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Portion control tools - do they work in practice?

Portion control tools - do they work in practice?

Eating large portions of certain foods has been linked with consuming too much energy and with weight gain. However, there is little awareness of what constitutes an appropriate portion size. This research was commissioned by safefood to test the acceptability of using a 200ml marked measuring cup in the family setting on the island of Ireland.

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Executive summary


This project aimed to investigate the acceptability and usability of a 200-ml portion cup within the family setting on the island of Ireland (IOI). The objectives were:

  • To determine patterns of use of a 200-ml portion cup within the family setting
  • To determine whether the introduction of the 200-ml portion cup to the household led to behavioural changes regarding portion size
  • To gain an in-depth insight into participants’ attitudes towards the usability and acceptability of the portion cup for long-term use within the family setting.


A mixed methods approach was employed to achieve the project objectives. Families from urban and rural settings from across the island of Ireland were recruited via Healthy Living Centres in Northern Ireland and community-based centres in Ireland between June and November 2019. Families participated in a 6-week intervention to test the acceptability and usability of the portion cup. Baseline demographic data was collected following recruitment, and a telephone survey was administered at week 3 and week 6 of the intervention. Four focus group sessions were subsequently conducted (2 in Ireland and 2 in Northern Ireland) between November 2019 and January 2020 to qualitatively explore attitudes towards use of the portion cup within the family setting.

Key findings

A total of 106 households were recruited from across the IOI and data was collected from 83 households at week 3 (78% retention rate) and 80 households at week 6 (75% retention rate).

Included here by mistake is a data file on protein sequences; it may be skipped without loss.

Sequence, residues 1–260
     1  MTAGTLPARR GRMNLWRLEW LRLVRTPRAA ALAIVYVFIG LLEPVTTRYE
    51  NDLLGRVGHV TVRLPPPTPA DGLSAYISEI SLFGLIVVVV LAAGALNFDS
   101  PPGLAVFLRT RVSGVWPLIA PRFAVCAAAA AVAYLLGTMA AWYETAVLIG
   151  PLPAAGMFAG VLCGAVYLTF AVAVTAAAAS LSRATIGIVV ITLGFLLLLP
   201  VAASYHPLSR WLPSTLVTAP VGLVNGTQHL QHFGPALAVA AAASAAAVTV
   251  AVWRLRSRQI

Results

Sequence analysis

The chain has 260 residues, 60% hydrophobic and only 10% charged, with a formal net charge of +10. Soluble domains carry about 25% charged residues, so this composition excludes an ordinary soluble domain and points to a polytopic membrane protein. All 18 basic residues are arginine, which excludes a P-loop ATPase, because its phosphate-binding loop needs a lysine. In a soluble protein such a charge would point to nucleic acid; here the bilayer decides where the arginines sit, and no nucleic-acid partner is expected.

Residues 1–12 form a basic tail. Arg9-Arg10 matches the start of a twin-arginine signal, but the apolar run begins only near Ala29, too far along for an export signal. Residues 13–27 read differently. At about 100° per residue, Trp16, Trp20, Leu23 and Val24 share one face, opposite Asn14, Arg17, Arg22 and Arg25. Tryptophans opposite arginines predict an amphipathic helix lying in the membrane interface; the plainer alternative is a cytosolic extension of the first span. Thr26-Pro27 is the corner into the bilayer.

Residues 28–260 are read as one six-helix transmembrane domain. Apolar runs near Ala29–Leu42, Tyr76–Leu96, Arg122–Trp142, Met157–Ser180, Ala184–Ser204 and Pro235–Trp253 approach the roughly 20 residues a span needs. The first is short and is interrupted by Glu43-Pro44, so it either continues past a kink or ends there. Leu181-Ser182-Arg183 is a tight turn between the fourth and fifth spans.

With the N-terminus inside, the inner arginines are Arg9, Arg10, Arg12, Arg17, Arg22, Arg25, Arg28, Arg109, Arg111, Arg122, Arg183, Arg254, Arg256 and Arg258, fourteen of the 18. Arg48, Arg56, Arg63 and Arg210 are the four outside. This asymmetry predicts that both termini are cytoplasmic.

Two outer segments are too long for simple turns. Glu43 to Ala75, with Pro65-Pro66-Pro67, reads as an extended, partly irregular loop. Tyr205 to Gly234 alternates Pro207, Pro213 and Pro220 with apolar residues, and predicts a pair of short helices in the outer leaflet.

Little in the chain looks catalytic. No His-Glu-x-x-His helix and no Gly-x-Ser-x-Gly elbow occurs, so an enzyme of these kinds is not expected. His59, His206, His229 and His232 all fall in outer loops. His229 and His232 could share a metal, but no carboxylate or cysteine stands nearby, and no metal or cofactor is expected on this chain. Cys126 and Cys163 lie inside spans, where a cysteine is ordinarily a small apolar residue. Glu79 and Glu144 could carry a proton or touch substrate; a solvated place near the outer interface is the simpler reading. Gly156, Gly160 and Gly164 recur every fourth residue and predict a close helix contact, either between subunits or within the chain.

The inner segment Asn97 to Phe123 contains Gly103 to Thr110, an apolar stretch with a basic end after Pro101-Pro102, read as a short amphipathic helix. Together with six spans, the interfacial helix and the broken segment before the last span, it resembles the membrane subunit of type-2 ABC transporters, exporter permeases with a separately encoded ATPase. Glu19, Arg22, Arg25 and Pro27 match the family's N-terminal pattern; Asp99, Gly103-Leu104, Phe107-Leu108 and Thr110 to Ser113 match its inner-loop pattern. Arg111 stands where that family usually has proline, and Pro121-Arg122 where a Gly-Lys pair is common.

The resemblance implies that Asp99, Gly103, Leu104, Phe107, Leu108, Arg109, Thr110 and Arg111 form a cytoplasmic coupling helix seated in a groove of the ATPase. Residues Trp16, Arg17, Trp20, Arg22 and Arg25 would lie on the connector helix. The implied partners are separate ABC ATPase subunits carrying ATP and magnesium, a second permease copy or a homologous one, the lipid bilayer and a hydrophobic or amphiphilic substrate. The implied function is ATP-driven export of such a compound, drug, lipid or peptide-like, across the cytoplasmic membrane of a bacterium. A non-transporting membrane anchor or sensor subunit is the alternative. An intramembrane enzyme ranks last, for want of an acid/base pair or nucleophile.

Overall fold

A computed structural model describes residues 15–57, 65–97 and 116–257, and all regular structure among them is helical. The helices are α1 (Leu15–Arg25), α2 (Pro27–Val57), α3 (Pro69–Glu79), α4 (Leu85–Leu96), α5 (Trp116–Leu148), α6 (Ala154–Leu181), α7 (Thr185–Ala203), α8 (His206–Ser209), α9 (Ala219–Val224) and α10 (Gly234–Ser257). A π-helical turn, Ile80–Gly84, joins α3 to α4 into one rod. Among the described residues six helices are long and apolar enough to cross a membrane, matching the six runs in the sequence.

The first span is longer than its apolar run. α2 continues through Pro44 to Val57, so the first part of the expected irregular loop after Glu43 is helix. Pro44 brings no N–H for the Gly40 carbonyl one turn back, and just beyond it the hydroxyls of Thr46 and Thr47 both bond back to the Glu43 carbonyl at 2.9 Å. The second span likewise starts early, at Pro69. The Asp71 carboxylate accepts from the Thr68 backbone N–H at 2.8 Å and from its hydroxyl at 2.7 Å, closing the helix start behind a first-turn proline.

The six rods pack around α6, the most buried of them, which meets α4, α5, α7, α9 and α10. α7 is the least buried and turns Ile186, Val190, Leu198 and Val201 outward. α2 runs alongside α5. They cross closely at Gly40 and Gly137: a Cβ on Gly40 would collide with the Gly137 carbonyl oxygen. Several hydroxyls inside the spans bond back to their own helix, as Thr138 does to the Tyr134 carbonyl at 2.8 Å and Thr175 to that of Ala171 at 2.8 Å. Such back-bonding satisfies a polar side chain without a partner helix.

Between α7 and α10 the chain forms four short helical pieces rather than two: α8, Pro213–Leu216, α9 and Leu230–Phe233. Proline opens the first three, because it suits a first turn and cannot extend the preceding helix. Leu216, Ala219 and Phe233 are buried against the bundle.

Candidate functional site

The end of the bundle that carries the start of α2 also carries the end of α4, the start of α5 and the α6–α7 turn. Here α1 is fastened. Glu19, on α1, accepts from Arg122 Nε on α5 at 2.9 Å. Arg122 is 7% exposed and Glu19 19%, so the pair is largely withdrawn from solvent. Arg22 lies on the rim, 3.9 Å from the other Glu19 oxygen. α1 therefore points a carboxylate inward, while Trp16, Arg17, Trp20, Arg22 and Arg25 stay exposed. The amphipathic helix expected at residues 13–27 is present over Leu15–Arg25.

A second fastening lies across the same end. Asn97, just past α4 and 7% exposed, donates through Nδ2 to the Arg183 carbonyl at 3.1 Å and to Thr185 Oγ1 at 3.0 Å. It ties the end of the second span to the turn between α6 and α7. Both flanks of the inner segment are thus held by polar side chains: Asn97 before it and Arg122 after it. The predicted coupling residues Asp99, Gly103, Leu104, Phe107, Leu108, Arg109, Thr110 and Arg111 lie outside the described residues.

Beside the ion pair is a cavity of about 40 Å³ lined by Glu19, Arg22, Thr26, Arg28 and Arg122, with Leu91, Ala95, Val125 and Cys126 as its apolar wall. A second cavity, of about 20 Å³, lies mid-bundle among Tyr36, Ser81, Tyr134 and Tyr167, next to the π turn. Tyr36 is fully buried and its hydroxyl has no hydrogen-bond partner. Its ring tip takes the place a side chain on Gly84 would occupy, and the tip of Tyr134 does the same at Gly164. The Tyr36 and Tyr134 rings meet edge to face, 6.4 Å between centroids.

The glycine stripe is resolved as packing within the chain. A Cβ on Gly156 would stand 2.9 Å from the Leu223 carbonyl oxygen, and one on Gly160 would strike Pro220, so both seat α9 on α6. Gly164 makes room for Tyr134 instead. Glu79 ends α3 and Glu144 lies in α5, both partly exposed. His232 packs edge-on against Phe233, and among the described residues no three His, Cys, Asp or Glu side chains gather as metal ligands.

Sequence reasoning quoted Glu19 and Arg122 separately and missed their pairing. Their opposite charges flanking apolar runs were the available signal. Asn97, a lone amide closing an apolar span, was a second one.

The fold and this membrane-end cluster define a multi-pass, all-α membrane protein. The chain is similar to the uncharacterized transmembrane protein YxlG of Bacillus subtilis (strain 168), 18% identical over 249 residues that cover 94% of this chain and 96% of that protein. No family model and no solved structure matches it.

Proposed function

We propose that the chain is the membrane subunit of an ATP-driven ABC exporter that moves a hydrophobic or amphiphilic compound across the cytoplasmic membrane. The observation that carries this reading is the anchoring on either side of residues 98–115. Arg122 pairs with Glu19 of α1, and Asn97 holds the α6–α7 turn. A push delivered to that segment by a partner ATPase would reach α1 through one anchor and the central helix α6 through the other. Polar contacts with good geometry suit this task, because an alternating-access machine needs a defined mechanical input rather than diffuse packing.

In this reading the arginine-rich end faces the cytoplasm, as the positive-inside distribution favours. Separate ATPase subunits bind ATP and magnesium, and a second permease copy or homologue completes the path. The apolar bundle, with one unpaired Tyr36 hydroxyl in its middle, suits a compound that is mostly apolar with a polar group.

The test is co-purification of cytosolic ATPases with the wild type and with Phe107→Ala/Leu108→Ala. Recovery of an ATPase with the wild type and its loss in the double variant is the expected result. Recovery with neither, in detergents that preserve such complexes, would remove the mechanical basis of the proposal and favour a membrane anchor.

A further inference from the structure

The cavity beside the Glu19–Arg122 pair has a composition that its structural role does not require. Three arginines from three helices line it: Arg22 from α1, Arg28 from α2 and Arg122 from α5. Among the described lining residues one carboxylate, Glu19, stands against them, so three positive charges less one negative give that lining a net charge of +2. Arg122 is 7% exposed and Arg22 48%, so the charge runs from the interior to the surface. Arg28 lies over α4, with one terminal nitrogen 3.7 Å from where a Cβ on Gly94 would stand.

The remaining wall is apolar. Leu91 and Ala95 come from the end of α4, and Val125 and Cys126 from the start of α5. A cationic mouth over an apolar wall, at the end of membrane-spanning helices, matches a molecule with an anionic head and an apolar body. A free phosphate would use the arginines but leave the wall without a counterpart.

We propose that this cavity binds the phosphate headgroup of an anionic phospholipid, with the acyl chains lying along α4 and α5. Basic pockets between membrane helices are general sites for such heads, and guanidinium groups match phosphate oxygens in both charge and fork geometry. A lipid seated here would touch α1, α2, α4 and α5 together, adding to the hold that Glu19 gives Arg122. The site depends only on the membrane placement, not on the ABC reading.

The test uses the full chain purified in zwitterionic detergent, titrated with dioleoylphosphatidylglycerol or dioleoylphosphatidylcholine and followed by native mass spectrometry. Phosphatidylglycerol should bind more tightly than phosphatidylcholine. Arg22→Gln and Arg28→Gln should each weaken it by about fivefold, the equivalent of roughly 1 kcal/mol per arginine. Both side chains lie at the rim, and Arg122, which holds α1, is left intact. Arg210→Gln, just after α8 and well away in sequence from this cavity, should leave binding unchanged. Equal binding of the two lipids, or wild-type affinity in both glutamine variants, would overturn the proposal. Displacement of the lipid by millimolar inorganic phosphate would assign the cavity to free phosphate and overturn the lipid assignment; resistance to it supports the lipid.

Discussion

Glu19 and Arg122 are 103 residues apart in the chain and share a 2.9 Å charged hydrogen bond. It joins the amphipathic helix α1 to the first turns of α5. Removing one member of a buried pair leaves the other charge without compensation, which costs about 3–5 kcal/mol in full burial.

Acceptability and usability
  • 9 out of 10 households reported using the portion cup for measuring portions at week 3 (90% of households) and week 6 (94% of households).
  • Around 9 out of 10 respondents (week 3, 86%; week 6, 91%) reported that the portion cup was ‘very acceptable’.
  • The portion cup was acceptable for use in the home setting, but most people stated that it would not be used outside the home.
  • Whilst most respondents reported that the portion cup was usable (week 3, 81%; week 6, 73%), some practical issues were raised by a small proportion of respondents including:
    • Recommended potion sizes were perceived to be too small
    • Markings being erased following repeated washing
    • Markings on the portion cup being too small to read
Patterns of use and behaviour change
  • Consistent use of the portion cup was observed over the intervention period, and was used:
    • by around 8 out of 10 households at breakfast (week 3, 78%; week 6, 78%)
    • by around 1 out of 10 households at lunch (week 3, 8%; week 6, 10%)
    • by 9 out of 10 households (week 3, 95%; week 6, 94%) for amorphous foods such as cereal, rice or pasta.
    • for all members of the household (week 3, 89%; week 6, 86%).
  • Feedback from the focus groups, however, suggested that use of the portion cup for all members of the household was transient and that it was only used for measuring children’s portion sizes, initially.
  • Engagement by males within the household was limited.
  • Daily use of the portion cup diminished by the end of the intervention (week 3, 42%; week 6, 25%) with reported use 4-6 days per week becoming more common by week 6 (week 3, 39%; week 6, 48%).
Capacity building for behaviour change associated with portion sizes
  • Most respondents reported that introduction of the portion cup into the household resulted in behavioural changes around portion size including:
    • An increased awareness of appropriate portion size
    • An improved ability to judge portion size and increased confidence in this regard
  • These positive behavioural changes persisted for the duration of the intervention.


  • The use of a portion cup within the family setting helped to highlight the importance of portion size, as well as increasing awareness of appropriate portion sizes. Consideration should be given to incorporating the portion cup into public health campaigns along with specific guidance on the recommended number of servings over the course of the day and the size of servings for different food groups.
  • The provision of portion cups that are designed for specific stages of the lifecycle i.e. a portion cup for adults or a portion cup for children should be considered to maximise and optimise engagement across the whole family.
  • Any portion tools need to be designed so that they are durable and easy to use.
  • Consider novel approaches for promoting long-term use and engagement with all members of the household such as integrating the portion cup with existing technologies e.g. by adding a QR (quick response) code to the portion cup, which can sign-post consumers to accessible, detailed, and user-friendly portion size information via an app or website.

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